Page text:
Dragon Ball Z and its reboot show Dragon Ball Z Kai have some things in common, but actually, they are two completely different stories. That is the reason why we can get a good comparison between them, and tell you which one is in our opinion better. So, Dragon Ball Z vs. Dragon Ball Z Kai, which show is better?
Dragon Ball Z will always have the upper hand when it comes to nostalgia, offering a more relatable (yet warped) westernized version of the legendary Japanese show, while Dragon Ball Z Kai gets to the point faster, keeps the original script, and the quality is slightly better.
Keep reading to find out why we couldn’t actually give you a decisive answer on the question of which show is better, Dragon Ball Z or Kai.
When talking about art, to some extent beauty will always be in the eye of the beholder. Of course, there are artistic standards that one needs to adhere to. The conclusion will need to find a balance between feelings and standards, between nostalgia and objective quality.
To understand which one is better, we first need to learn a little about the show itself, and why it has achieved global popularity.
Dragon Ball Z has surpassed the status of a simple show. It is a cultural milestone that has defined an entire trend of animation and art. It also introduced a generation of kids to anime, one of the few popular foreign art forms adopted by the West.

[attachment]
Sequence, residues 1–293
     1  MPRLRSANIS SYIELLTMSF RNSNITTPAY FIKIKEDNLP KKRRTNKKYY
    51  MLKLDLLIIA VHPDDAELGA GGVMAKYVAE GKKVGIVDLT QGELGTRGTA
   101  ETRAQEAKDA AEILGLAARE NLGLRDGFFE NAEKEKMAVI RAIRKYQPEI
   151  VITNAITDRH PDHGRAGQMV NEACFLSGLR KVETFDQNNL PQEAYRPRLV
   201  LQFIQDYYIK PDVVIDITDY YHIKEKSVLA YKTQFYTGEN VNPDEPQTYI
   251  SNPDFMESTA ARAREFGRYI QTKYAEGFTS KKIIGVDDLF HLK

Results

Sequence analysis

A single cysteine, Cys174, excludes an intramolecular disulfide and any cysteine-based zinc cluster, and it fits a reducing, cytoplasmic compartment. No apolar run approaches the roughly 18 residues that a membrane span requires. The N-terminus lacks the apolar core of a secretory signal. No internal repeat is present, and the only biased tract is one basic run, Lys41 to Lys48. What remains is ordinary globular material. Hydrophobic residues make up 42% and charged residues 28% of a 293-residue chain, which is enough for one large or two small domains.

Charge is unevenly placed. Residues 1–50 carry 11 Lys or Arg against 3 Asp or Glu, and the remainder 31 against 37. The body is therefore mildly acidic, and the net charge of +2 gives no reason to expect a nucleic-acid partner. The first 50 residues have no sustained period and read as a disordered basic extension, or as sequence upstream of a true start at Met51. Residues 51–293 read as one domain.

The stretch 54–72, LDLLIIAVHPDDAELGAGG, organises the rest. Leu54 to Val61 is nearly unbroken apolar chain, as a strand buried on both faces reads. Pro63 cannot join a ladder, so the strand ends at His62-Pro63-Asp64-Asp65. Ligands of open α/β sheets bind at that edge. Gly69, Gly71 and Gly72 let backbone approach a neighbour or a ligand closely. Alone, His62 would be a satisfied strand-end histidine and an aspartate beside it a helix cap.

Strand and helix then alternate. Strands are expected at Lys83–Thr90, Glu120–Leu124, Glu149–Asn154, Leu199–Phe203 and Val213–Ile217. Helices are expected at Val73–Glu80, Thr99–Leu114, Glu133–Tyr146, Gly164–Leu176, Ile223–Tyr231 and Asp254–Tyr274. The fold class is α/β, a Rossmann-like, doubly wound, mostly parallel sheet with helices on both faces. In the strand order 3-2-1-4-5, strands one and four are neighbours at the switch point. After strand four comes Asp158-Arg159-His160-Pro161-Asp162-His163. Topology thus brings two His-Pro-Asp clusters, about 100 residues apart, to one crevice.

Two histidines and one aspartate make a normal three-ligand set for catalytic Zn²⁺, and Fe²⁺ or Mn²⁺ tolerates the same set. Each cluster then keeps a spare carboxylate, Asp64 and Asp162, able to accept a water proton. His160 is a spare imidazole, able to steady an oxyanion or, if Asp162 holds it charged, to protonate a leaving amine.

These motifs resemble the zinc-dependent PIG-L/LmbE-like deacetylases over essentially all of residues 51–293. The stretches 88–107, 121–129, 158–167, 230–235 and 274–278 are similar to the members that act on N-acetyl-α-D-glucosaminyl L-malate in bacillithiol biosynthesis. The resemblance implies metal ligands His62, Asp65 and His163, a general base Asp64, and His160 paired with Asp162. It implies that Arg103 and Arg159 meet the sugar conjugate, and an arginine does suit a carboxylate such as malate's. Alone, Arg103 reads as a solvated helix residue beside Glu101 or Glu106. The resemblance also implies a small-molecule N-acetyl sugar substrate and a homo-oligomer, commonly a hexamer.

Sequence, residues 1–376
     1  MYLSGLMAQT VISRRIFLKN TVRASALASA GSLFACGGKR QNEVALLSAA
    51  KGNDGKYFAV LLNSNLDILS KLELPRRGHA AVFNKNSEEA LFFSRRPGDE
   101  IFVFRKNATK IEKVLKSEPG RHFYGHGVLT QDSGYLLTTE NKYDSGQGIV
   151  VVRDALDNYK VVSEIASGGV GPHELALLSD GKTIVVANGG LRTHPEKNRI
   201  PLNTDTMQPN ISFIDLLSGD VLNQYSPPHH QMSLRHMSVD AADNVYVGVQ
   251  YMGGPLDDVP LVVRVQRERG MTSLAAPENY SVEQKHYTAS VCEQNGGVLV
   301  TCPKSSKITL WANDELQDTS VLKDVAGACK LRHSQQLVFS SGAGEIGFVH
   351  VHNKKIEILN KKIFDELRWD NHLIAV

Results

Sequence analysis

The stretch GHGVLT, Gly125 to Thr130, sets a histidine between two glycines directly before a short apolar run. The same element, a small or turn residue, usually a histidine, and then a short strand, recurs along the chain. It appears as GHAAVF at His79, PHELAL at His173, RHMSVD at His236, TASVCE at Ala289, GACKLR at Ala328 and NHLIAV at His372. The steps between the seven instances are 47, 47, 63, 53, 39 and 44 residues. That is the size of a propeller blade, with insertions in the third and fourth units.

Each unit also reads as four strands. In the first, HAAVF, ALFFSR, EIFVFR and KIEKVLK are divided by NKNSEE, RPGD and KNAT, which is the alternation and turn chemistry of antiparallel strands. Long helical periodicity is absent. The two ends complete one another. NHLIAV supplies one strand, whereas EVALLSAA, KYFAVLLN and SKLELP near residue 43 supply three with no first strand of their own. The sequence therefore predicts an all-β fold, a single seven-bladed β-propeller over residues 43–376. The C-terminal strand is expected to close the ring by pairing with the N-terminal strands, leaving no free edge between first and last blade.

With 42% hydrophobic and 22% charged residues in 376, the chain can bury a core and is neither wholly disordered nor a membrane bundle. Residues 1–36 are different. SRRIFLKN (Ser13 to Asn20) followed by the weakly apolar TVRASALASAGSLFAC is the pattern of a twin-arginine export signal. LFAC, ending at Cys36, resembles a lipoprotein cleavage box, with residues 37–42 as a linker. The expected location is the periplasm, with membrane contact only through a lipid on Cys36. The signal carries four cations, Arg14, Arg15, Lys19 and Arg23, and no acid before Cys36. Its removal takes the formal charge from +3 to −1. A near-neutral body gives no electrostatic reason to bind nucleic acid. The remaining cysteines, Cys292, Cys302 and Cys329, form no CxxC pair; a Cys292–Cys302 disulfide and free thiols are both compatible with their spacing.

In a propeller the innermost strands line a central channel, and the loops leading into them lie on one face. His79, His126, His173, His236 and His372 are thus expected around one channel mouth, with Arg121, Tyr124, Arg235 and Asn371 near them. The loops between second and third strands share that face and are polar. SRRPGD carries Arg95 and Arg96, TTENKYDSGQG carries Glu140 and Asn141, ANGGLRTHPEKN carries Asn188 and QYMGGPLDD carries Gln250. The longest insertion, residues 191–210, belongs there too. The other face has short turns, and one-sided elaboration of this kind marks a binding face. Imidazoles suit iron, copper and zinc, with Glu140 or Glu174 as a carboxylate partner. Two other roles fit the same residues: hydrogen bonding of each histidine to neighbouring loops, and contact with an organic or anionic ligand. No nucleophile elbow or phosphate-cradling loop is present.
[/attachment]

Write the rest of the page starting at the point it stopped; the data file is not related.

At its essence, this was a series designed to be a gag comedy show with some fights thrown in for good measure. To the surprise of its creator, Dragon Ball’s popularity grew proportionally to the amount of “serious” content that was included. The more fights he added, the higher the manga sales.
When it came time to adapt the manga into an anime, the series was split into two parts: Dragon Ball, and Dragon Ball Z. The latter covered the series protagonist Goku’s adult years, featuring mature themes like death, genocide, struggle, destiny, and hope.
Dragon Ball never earned much popularity in the West due to several factors. First, it was based on Eastern mythological references that simply flew above the heads of many Western people. Second, it had a much more funny and lighthearted tone. Japanese humor can be very different, attracting only a niche audience and repelling others.
It was possible to easily pick up watching Dragon Ball Z, without having viewed a single episode of Dragon Ball.
Because it was a groundbreaking show which aired at the right place, at the right time. As previously mentioned, Dragon Ball Z featured much more adult themes and a more serious tone overall. While Dragon Ball showcased many Eastern mythology references, DBZ had Western pop-cultural inspirations such as the Terminator or Superman.
For example, in the very first episodes of DBZ, we find out that Goku is an extraterrestrial that looks just like a human, sent to Earth in a pod by his parents, just before his native planet got blown up. Sound familiar? It should, considering that it is nearly identical to the premise for Superman.
In another arc, we see a young man traveling back in time to avoid a future destroyed by androids. That is a Terminator reference.